Certain dietary supplements can alter the absorption, metabolism, or excretion of a drug, potentially affecting the potency of the medicine. This can be a serious concern for people whose health depends on the therapeutic effects of a drug. For example, patients with AIDS must maintain a therapeutic level of antiviral activity, patients with cancer must maintain an effective concentration of chemotherapy agents, those who receive organ transplants must maintain a therapeutic level of immunosuppressants, and those with hypertension must maintain effective levels of antihypertensive drugs. Interactions between a supplement and other substances ingested can occur if a dietary supplement reduces the effective concentration of a drug.
Such a drop in the concentration of the active drug can have serious consequences. On the contrary, interactions can raise the level of a drug (or that of the dietary supplement's own ingredient) above the therapeutic range, which can cause toxic effects. Pharmacists and doctors are aware of medications and foods that may interact with other medications, and drug labels warn of potential problems. If the affected medication is to be taken chronically and the supplement is considered necessary, the pharmacist should work with the patient and the prescriber to suggest alternatives that limit exposure to potentially dangerous drug interactions. Because of the differences between human and animal transporters, methods usually use human transporter proteins expressed in artificial systems in vitro to study in detail the functions of human carrier proteins with respect to drugs and other xenobiotic substances, including ingredients in dietary supplements. Agents such as anticonvulsants tend to adversely affect certain levels of vitamin B, and several are classified as antifolates.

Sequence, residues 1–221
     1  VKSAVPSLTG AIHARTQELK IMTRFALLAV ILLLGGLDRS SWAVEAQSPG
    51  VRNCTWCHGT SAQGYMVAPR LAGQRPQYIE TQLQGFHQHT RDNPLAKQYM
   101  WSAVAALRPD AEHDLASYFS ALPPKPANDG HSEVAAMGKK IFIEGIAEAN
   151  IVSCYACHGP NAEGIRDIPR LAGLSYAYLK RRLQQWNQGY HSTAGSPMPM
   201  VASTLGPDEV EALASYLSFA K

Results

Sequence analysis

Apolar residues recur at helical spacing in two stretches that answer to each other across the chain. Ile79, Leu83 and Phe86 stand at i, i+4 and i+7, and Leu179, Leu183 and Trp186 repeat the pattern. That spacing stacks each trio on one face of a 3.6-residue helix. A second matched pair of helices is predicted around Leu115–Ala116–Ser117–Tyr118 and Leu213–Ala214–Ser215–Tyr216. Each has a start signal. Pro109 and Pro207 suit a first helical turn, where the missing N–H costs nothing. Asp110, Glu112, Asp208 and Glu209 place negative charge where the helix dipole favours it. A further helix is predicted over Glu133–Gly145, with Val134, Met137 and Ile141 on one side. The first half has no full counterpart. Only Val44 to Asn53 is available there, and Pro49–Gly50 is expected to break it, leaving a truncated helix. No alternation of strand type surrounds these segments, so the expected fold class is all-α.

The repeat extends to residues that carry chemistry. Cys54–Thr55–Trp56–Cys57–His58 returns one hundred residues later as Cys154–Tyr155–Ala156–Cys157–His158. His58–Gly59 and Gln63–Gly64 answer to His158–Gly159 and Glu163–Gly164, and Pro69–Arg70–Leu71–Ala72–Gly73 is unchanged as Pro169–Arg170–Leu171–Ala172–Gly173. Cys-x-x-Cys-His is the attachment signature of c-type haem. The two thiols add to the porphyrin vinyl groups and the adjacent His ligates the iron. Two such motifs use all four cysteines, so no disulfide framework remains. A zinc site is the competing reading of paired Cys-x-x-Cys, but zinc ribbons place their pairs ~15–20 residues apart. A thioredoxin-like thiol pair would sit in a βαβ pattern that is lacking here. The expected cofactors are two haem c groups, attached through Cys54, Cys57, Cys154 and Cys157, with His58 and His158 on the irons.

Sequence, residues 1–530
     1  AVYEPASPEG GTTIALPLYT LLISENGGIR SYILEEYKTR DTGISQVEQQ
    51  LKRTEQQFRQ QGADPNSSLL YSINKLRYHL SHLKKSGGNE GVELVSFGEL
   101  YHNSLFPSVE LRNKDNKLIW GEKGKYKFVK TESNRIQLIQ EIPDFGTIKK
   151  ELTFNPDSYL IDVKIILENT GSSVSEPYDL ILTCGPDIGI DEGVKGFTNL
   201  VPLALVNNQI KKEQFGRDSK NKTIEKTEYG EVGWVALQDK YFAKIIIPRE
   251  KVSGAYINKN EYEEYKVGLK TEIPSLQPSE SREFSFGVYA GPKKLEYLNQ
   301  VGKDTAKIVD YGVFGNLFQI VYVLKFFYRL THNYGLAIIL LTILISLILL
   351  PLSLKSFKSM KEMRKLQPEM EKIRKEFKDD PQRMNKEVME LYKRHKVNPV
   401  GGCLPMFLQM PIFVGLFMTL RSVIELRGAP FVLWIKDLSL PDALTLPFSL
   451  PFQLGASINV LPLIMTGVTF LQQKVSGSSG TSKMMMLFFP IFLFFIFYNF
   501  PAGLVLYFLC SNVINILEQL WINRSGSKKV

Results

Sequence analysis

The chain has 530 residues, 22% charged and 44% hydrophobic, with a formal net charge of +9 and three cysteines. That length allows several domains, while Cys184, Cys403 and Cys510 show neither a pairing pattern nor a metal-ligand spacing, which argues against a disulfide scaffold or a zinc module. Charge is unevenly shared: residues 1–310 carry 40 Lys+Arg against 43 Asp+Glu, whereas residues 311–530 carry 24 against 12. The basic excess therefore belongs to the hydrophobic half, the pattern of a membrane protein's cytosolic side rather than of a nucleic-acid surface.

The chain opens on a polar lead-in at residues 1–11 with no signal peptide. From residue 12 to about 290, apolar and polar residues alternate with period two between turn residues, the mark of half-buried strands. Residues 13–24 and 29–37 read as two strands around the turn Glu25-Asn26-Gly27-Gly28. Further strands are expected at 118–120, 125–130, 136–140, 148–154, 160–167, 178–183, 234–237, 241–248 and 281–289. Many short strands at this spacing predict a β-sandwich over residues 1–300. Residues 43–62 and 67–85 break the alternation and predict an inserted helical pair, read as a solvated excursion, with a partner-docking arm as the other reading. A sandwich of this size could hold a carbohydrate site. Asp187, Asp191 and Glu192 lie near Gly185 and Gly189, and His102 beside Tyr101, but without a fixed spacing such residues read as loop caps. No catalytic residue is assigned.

The concentration of the immunosuppressive drug cyclosporine in the blood is controlled by the transporter encoded in MDR1 and the CYP. The possible severity of these interactions varies and is put into perspective by considering whether a particular interaction leads to serious adverse events and the likelihood that the interaction will occur. However, it now appears that an increasing number of transporters that affect the absorption, distribution and excretion of chemicals also play an important role in pharmacokinetic interactions. It would be reasonable to expect that any ingredient in a dietary supplement that depends on CYP2D6 for metabolic conversion could produce toxic effects in such people. A number of data may suggest a possible interaction between the ingredient in a dietary supplement and other substances.
In other words, the more general the pathway affected by the dietary supplement ingredient, the greater the potential for interaction. As more people turn to supplements for their health needs, healthcare professionals must ensure that patients are aware of potential interactions between drugs and nutrients.